The third Sikh Guru Amar Das started Diwali celebrations by motivating all Sikhs to come together on this day and seek the blessings of the Guru at Goindwal. Another event that marks this festival is that the foundation stone of The Golden Temple at Amritsar was laid on Diwali.

Even though the Sikhs were celebrating Diwali since a long time, its significance increased historically when their revered Guru Hargobind Sahib was released from prison on this day at Gwalior. Hence, Diwali is celebrated as “Bandi Chhorh Diwas”/day of freedom by Sikhs. Emperor Jahangir imprisoned Guru Hargobind Sahib along with 52 other Hindu kings at Gwalior fort as political prisoners. The people pleaded for the release of their Guru and it was granted in October 1619. But, the Guru asked the emperor to release all the other kings along with him, to which he agreed. After the release, the Guru went straight to the Golden Temple at Amritsar and to welcome him there were hundreds of lamps lit in the temple.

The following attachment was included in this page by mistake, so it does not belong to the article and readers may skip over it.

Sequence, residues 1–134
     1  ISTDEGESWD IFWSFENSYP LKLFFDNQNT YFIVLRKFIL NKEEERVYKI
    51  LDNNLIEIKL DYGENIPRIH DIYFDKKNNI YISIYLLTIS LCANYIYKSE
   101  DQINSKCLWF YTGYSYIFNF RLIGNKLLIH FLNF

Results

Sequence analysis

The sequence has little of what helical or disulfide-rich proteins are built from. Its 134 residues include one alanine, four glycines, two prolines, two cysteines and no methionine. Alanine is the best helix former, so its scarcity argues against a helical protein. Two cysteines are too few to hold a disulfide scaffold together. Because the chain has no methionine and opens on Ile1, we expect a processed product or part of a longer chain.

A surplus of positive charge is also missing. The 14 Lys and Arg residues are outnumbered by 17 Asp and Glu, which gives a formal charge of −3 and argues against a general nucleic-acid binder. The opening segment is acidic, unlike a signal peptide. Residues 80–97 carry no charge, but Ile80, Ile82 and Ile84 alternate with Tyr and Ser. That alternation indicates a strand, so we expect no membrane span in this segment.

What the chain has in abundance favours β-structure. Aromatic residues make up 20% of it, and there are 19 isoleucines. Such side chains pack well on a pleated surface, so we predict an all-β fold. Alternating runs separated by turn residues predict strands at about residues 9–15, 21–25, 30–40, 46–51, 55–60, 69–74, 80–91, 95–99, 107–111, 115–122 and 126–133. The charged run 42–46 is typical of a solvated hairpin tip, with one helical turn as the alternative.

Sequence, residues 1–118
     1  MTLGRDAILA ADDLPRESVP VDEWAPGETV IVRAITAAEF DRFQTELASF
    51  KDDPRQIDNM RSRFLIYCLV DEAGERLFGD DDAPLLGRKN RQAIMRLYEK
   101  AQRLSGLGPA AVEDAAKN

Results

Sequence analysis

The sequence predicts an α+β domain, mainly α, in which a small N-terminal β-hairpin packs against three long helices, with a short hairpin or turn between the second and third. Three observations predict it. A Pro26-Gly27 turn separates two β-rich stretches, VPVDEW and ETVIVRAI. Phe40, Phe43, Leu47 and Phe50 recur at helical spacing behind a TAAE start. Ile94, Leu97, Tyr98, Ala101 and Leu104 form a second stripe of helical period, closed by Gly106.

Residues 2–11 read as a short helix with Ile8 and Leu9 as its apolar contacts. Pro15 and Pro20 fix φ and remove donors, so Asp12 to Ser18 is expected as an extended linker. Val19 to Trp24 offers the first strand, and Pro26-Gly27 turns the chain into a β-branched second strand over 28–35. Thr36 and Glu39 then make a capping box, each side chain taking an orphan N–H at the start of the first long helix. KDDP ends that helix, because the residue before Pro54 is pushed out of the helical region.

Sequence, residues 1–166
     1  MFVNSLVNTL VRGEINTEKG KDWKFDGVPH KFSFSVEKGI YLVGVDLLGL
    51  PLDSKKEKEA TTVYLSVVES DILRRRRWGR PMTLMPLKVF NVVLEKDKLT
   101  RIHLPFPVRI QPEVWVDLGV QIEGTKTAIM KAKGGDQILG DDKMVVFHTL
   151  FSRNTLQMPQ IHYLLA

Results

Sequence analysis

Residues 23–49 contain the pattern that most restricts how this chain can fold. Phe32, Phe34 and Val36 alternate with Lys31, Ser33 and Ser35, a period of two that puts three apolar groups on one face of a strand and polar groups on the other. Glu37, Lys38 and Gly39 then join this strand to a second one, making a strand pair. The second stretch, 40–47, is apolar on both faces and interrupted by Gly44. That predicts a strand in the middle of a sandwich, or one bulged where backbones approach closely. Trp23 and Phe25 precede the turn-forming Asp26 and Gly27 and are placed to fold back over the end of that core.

During the festival people prepare sweets at home and devotees float multi-colored light candles on the water body around the Golden Temple. Here a grand fireworks display is held in the evening. Sikhs take out Nagar keertan/street procession during Diwali and Akhand paath or nonstop reading of Guru Granth Sahib is held as part of the celebrations. Joyful melas/fairs are also held.
The significance of Deepavali in Jainism (from here):
Diwali is celebrated by Jains with devotion, on this day Lord Mahavira the 24th Thirthankara achieved Nirvana on Amavasya of Ashvina masa in 527 B.C. The Lord left the body and achieved Mukti/liberation in Pavapuri, Bihar. Lighting of lamps on this day acknowledges Lord Mahavira’s preaching and knowledge.